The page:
Log in

ISM Article

"The 13th Month Year"

17 Apr, 2002 By: Ronelle Ingram imageSource

"The 13th Month Year"

am acutely aware of the end of the month sensitivity, which most business people
possess. Managers and sales people try not to schedule anything that could
interfere with their need for an “all hands on deck” attitude. The sales
department is scrambling to close pending deals and pressure is then added to
the service department to: setup, deliver, and network all the last minute


To The Wire

two or three days at the end of each month, there is a whirl of excitement and
energy. No matter how much inventory there is in stock, the sales reps seem to
need that one last accessory, extra memory add-on, or piece of hardware, which
you do not have on hand. Then, last minute orders are frantically sent to the
appropriate manufacturer or vendor before the end of the month cut off.


Accounting Department:

checking credit applications and setting up new customer accounts. Meanwhile,
leasing clerks are faxing, emailing, calling, and voice mailing clients; trying
to get lease approvals and equipment acceptance forms signed.



trainers juggle their appointments and rush initial training sessions. Then,
appointments are hurriedly scheduled with the end-user’s IT staff to
coordinate installation assistance. Network installers are rushing to complete
preliminary installations.


sales reps make a point of keeping in touch with the in-house leasing rep,
service department staff, accounting, delivery drivers, their sales manager, and
company owner.



delivery truck route runs from early morning, returning at the end of the day in
rush hour traffic. Overtime must be paid or a comp time schedule worked out.
Then the calendar changes from day 31 to day 1. Time seems to stand still. Sales
reps beg, “just one more day,” to close the big (commission) deal.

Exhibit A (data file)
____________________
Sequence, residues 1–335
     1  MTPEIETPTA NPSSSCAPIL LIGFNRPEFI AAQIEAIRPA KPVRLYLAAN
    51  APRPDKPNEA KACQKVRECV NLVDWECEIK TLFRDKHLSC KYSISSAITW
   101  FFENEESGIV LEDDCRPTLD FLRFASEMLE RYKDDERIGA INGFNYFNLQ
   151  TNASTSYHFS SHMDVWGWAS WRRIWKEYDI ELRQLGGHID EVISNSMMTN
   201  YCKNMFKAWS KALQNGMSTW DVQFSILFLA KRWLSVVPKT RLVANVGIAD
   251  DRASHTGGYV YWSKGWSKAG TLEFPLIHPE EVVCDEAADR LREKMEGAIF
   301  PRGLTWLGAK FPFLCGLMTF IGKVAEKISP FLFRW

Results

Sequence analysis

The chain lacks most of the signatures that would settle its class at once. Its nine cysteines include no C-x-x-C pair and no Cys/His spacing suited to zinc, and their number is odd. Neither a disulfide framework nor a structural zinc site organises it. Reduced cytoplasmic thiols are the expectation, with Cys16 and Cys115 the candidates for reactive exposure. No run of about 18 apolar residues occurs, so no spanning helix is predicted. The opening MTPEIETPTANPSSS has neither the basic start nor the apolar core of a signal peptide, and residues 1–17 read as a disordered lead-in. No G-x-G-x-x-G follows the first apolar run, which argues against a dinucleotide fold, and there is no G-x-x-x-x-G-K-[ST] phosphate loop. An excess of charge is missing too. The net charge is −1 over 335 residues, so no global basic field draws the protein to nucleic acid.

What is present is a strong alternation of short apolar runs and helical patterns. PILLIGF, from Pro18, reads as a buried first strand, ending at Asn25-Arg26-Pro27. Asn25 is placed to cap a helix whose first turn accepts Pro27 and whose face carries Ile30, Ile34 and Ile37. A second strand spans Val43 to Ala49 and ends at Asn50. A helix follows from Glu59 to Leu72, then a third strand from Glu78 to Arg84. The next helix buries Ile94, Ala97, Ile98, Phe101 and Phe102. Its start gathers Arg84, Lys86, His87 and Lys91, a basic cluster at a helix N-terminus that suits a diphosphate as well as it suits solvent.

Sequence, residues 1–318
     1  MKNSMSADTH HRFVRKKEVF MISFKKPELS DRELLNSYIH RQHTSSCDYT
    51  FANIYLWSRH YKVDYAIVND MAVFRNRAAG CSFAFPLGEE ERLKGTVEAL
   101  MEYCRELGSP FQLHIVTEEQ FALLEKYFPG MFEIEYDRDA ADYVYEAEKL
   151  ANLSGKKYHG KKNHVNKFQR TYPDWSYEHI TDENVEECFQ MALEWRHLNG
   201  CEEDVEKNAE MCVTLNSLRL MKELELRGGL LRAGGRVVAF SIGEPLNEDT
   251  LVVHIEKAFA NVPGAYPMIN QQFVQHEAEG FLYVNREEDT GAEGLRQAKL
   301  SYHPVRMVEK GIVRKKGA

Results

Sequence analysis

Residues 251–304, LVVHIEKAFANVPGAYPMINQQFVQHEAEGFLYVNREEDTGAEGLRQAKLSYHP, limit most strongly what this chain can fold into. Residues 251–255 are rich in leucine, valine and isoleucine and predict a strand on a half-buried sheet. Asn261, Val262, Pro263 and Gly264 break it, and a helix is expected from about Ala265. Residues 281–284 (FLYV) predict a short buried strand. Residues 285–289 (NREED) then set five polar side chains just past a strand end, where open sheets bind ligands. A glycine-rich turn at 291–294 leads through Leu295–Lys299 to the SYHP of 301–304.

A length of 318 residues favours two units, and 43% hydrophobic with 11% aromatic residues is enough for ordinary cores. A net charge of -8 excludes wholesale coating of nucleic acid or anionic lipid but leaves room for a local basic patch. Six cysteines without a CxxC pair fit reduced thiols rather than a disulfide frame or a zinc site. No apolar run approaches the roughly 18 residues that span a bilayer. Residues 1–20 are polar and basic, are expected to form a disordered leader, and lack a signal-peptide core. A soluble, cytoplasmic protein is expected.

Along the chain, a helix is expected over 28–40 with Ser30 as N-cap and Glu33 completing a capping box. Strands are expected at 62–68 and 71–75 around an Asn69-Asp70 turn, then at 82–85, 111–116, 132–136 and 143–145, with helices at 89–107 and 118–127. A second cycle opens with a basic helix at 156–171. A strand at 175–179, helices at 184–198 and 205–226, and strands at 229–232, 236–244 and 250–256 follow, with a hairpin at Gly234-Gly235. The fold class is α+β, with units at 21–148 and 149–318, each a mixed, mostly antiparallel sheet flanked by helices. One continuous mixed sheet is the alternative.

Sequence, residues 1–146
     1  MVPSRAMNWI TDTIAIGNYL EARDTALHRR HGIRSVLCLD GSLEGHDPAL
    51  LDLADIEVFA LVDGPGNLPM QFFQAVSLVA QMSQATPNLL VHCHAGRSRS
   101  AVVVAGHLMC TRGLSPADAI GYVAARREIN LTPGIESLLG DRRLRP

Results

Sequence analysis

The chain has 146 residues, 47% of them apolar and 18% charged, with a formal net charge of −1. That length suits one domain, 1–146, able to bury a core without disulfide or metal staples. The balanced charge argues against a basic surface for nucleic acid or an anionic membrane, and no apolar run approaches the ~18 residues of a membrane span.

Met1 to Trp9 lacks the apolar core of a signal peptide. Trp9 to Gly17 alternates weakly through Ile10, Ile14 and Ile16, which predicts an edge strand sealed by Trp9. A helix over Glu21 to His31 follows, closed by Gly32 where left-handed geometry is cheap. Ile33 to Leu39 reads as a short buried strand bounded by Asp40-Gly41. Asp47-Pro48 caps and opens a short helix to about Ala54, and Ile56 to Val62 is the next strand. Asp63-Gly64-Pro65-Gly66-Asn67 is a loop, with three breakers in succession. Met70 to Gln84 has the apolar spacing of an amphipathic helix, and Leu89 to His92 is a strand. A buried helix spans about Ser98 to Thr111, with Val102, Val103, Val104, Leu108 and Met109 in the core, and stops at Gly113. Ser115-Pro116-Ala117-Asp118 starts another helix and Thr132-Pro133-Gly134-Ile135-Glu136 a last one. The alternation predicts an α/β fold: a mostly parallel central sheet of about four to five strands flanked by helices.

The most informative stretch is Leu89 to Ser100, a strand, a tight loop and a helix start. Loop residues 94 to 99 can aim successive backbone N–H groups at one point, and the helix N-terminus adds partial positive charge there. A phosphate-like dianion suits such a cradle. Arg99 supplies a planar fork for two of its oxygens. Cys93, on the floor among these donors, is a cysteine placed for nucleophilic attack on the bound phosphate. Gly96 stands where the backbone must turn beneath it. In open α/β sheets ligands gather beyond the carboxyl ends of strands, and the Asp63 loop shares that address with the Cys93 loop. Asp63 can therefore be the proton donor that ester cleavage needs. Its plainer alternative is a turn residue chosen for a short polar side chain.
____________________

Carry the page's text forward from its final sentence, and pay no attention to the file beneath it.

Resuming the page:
Real Deal

a service manager, I deal with the ongoing legacy of “the end of the month
rush.” This rush consists of, retrieving the majority of all leased service
agreement renewals and billings, as well as acquiring accurate meter readings to
be processed at the last minute. When 36, 48, or 60-month leases end, the
majority of my administrative service workload must be finished during the last
few days of the month.


the end of the month becomes the initial billing and standard money receiving
time. Accounts receivable clerks strain to find past due accounts to call in the
middle of each month. However, once the computer’s clock moves to the first of
the month, hundreds of accounts instantly move to the “past due CREDIT HOLD
program.” For the next several days, clerks struggle to deal with legacy of
end of the month original billing dates.


peaks and valleys of workflow are disruptive to general work morale. There is
the general perception from support employees that the sales staff, “gets away
with working only during the last week of the month.” From a sales point of
view, the competition is the strongest at the end of the month, when every other
dealer in town is pushing to close their sales. Most businesses have resigned
themselves to think, “That's just the way it has always been and always will
be. There is nothing anyone can do to change the end of the month closing


You Do Not Have Time, Make It!

few creative entrepreneurs have found and use another way. Not only can you get
rid of the end of the month blues, you can actually create one more selling
cycle each year. The 13-month year works on a four -week selling schedule. Every
four-weeks, the commission selling cycle ends. Meaning, commissions, bonuses,
rebates, and base & draw, are all centered on a four-week selling cycle.
This four-week (commission paying) selling cycle enables one extra billing cycle